The Travails of a Transient and A Birds Horror Movie on My New Street
Reporting again from Flood Central. I know many of you are tired of hearing me whine, and I promise I am not going to whine, or at least there will be humor, and even good humor sprinkled in the whine. And besides, if you read on, you will witness (via writing) a modern day version of The Birds, the freaky scary Alfred Hitchcock movie. (But first you have to wade through the other stuff.)
I am in a temporary residence, with much of my life boxed up still because it is a smaller place and it wouldn’t make sense to unpack EVERYTHING, only to have to pack up again when our new home is built and ready – in addition to being stretched on space at the temporary abode. Although I am going to have my usual Seder and make all the great foods I love cooking, the Seder plate and some serving things are boxed up somewhere. I can’t get to them, and some of them flooded and were thrown out.
Situations like the above cause me to wonder if I should spend more time unpacking, or just borrow stuff. There is nothing that will make me buy additional things when I am trying mightily to rid myself of “too much stuff.” (read this blog for more scoop on that)
I am neither here nor there, (The U.S. Postal Service has confirmed this for me, as you will see if you read on.) and life is not yet normal, or is that dreaded phrase, “the new normal.” Still I am fortunate. We have a cozy place we are comfortable living in, and when my friends visit and act very polite about the area of the house that is being used as a storage unit, and I make a joke about it, they all give me kudos for having such good humor about it all.
The mail is not right yet, and that is causing some concern. When I have to fill out home address, I rarely can decide which one to use, having two addresses. The good old U.S. Postal Service took a forwarding order from us from our torn down home to our rental home,and then proceeded to send our mail back to sender when the old home was torn down. We are getting just dribs and drabs forwarded, and some returned to sender. Who knows what we are missing at this point.
My husband decided to put a mailbox up on our empty demolished lot and cancel the forwarding order after an important work/business piece of mail for him was returned to sender.
He called our branch of the Post Office, spoke to a manager, and asked that our mail be delivered back to our original address and we would check it regularly. (In the meantime, that new mailbox sits empty so they still haven’t gotten the memo and we are still missing mail on a daily basis.)
The moral of the above is: Don’t take mail for granted, people. It is an important part of keeping you whole, and your life in order. I learned this the hard way. (My friends were smart in taking down my temporary address to send me cards and invitations directly.)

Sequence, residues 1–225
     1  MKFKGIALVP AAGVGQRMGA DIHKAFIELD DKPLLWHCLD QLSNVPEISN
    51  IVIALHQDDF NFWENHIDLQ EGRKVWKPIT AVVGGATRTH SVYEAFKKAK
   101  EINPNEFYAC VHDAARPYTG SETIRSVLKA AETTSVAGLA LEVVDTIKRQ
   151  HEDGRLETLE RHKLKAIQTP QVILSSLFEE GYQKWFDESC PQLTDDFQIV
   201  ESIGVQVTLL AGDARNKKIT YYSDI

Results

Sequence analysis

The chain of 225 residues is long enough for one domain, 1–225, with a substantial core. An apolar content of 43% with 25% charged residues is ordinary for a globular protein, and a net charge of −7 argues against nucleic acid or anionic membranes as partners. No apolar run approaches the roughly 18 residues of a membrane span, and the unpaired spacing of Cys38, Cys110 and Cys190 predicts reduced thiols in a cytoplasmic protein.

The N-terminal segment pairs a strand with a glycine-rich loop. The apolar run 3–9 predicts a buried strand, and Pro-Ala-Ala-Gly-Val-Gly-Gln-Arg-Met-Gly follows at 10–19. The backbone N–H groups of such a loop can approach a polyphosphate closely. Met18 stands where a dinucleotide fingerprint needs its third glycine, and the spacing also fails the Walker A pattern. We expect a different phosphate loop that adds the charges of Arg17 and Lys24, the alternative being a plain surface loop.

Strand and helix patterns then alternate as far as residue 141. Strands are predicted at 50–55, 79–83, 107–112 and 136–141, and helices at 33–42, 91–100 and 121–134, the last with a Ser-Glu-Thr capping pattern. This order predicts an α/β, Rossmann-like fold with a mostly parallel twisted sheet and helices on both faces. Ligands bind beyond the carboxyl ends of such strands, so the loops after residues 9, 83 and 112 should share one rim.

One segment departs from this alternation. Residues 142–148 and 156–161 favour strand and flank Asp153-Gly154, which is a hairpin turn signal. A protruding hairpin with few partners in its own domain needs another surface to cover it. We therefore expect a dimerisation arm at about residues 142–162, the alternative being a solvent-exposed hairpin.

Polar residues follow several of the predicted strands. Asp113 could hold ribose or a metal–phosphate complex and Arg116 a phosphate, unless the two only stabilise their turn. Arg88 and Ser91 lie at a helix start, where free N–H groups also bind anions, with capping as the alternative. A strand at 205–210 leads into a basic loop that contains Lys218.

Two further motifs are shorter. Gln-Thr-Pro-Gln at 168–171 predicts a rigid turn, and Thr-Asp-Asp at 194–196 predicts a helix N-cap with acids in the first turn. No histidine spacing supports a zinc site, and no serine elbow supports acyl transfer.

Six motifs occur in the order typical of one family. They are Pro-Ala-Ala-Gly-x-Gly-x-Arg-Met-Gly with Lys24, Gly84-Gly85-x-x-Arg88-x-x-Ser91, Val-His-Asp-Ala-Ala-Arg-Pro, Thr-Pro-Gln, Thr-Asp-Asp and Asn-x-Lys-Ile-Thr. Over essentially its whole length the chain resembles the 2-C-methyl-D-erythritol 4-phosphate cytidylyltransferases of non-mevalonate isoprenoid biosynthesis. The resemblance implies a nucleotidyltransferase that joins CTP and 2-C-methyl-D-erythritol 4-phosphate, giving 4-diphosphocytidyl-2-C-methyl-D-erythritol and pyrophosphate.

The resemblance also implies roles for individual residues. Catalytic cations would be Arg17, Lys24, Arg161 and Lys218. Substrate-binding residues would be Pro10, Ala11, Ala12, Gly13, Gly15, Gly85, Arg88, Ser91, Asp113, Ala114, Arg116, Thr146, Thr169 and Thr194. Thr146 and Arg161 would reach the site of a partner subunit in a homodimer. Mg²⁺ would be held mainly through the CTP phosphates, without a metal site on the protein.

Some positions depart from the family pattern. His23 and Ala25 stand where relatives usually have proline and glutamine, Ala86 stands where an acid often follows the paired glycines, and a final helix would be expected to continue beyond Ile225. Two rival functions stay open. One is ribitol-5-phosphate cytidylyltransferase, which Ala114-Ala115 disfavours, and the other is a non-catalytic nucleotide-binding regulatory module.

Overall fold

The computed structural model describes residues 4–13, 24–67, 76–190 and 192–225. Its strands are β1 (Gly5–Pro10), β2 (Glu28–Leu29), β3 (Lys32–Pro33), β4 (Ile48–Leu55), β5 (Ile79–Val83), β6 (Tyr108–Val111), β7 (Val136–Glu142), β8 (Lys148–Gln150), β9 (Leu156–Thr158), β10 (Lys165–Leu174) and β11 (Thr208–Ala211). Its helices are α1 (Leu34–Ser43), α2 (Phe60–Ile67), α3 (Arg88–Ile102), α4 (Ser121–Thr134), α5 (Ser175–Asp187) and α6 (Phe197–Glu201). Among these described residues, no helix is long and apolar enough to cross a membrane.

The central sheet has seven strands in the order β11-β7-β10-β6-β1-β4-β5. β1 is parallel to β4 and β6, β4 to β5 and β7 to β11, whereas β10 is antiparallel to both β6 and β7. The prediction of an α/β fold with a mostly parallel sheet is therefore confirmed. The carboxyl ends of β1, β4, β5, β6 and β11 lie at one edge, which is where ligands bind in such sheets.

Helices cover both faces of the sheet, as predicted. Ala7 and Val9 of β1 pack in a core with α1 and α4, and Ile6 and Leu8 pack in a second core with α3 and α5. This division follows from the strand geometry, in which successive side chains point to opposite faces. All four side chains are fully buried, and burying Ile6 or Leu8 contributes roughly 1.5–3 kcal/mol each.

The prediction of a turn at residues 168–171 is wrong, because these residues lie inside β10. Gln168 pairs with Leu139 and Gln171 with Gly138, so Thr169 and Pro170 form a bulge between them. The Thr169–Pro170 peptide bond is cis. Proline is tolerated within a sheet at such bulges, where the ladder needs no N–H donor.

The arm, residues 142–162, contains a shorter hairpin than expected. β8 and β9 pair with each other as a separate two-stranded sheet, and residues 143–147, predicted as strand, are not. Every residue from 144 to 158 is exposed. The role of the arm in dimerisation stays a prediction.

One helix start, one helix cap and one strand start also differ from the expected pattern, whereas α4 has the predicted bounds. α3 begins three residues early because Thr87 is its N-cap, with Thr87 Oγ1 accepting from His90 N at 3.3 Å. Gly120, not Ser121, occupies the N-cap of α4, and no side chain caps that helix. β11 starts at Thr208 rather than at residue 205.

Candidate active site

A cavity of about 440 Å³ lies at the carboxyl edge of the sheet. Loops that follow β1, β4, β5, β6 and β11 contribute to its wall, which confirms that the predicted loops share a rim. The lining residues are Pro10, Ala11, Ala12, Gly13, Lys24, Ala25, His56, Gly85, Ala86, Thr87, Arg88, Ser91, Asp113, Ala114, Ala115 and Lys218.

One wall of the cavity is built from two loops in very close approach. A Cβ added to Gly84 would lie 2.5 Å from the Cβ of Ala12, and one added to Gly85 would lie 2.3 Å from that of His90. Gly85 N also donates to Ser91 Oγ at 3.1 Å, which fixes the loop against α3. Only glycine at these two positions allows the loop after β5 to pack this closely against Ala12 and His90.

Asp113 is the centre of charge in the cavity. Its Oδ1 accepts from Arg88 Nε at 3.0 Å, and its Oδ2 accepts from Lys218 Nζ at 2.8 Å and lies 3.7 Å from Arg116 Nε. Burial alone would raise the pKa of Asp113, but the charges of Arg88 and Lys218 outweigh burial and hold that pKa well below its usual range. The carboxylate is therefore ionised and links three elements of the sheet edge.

The last item to discuss is our getting used to the new neighborhood. We have to drive back to the old neighborhood for various errands and things, so there is a whole lot more back and forth driving. Also, I knew all of our neighbors there, and we love them – one of the key reasons we decided to take the long road of building on our lot. Now we are basically strangers in a strange land where we currently reside. While I am certain we are surrounded by quiet, lovely people – I just don’t know them and don’t think it is worth investing the time to cultivate relationships in our temporary stay. (Time – that’s another thing that there is never enough of these days!)
One neighbor is already causing us grief though in a daily nuisannce. If you can picture the bird lady from the Mary Poppins movie, (with one of my favorite movies songs, “Feed the Birds.”) we have our own bird lady on our new street. Not that I mind flocks of birds congregating on my block, but this quirky neighbor insists on putting bread crumbs out daily – SEVERAL TIMES A DAY- so the birds are non-stop congregating in the middle of our street, making a quick exit out the cut-de-sac nearly impossible. (I have witnessed her doing this on multiple occasions.)
As I drive out of the street, the birds are ALWAYS there, in many multiples. I slow, honk, and wait. The birds, who are used to this routine from me and all of our new neighbors, aren’t afraid of us, and take their good old time to get out of the way. With dozens there, it takes a while until the last one is gone and we can safely exit the street.
In fact, in my fertile and active creative mind, I imagine the birds turning on me one day if I get too impatient about waiting for them to scatter. It’s a scene right out of the classic Hitchcock movie playing in my mind right now.
The bird lady was sweet and harmless in the Mary Poppins movie, but this neighbor is really getting on our nerves. In addition to which, she really has them on a very high carb diet that probably deters them from eating worms and healthier things. They are on easy street here, not having to hunt for food – and of course they probably like carbs and bread as much as I do, as written in this funny blog, so why should they bother being the early bird any more?
Other than the above, we are adjusting and doing well, thank you very much.